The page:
Shared genetic risk factors may help explain the association between attention-deficit/hyperactivity disorder and heightened suicide risk, according to researchers.
In a matched cohort study that involved 51,707 patients with ADHD and their relatives, those with ADHD had a significantly increased risk for attempted (odds ratio, 3.62; 95% CI: 3.29-3.98) and completed suicide (OR, 5.91; 95% CI: 2.45-14.27), Therese Ljung, PhD, of the Karolinska Institutet in Stockholm, Sweden, and colleagues reported.
Suicide risk was also significantly higher among first-degree family members, including parents and siblings of patients with ADHD. The findings were significant across sexes, and after excluding relatives with ADHD, suicidal behavior, and those with severe comorbid disorders:
Completed suicide risk among full siblings -- OR, 2.23; 95% CI: 1.83-2.73
The risk was much lower for genetically distant relatives, such as maternal and paternal half siblings and cousins.
“The pattern of familial risks across different levels of relatedness suggests that shared genetic factors are important for this association," the researchers wrote.
"This is an important first step toward identifying the underlying mechanisms for the risk of suicidal behavior in patients with attention-deficit/hyperactivity disorder and suggests that individuals with attention-deficit/hyperactivity disorder and their family members are important targets for suicide prevention and treatment.”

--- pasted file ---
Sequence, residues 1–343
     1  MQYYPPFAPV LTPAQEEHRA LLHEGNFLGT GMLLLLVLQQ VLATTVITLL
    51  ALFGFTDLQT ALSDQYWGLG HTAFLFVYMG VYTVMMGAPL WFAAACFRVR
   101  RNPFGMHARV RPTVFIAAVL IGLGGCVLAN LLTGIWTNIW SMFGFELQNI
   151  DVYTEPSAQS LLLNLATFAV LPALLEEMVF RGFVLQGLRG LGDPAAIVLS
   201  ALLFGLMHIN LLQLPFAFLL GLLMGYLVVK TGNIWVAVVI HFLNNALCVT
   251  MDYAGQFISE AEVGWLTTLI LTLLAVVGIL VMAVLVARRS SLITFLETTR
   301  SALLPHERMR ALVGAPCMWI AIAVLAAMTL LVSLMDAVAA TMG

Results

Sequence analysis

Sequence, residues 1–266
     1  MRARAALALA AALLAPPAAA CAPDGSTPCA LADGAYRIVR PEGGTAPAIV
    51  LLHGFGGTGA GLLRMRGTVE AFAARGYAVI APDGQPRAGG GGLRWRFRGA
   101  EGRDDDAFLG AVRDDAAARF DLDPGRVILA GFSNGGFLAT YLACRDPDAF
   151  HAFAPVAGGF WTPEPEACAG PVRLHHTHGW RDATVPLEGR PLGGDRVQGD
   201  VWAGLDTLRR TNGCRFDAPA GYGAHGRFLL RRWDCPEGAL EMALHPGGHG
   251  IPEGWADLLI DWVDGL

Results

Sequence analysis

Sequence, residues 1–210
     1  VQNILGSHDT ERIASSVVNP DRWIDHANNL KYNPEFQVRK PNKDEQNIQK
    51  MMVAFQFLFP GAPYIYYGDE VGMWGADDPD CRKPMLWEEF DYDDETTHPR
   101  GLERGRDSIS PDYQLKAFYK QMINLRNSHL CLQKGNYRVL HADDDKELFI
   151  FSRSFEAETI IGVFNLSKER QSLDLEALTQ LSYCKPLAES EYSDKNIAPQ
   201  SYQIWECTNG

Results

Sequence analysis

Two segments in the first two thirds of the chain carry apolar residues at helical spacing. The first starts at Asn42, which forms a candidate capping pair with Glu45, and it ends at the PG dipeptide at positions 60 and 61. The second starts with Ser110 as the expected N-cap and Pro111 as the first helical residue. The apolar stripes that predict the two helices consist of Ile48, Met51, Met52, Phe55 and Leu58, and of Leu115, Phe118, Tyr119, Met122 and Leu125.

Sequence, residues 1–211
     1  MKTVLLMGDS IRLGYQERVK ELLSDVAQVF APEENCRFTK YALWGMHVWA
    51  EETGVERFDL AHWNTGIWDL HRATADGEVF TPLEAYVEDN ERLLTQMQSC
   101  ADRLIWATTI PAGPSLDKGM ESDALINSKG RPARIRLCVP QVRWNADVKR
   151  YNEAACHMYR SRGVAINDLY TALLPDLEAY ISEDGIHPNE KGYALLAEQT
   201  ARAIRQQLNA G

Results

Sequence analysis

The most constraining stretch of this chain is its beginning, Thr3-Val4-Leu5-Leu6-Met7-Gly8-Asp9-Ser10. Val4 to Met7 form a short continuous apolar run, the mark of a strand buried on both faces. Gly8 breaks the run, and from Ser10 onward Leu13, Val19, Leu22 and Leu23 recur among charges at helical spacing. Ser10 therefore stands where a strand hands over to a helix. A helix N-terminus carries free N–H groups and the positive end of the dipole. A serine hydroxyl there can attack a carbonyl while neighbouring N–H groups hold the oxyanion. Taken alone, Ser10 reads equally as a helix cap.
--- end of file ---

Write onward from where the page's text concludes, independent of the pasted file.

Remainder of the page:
Childhood ADHD Types & Treatments
Attention-deficit hyperactivity-disorder (ADHD) is one of the most common neurobehavioral childhood disorders, according to the CDC. American Psychiatric Association data reveal that between 3% and 7% of U.S. school age children have some form of ADHD as defined by the…
The prevention of suicidal behavior is one of the most important tasks for mental health clinicians. Although a few studies have indicated an increased risk of suicidal behavior among individuals with attention-deficit/hyperactivity disorder, the development of more effective ways of identifying and modifying the risk is hampered by our limited understanding of the underlying mechanisms for this association.
Researchers examined whether attention-deficit/hyperactivity disorder and suicidal behavior share genetic and environmental risk factors. The findings were published recently in JAMA Psychiatry.
READ FULL ARTICLE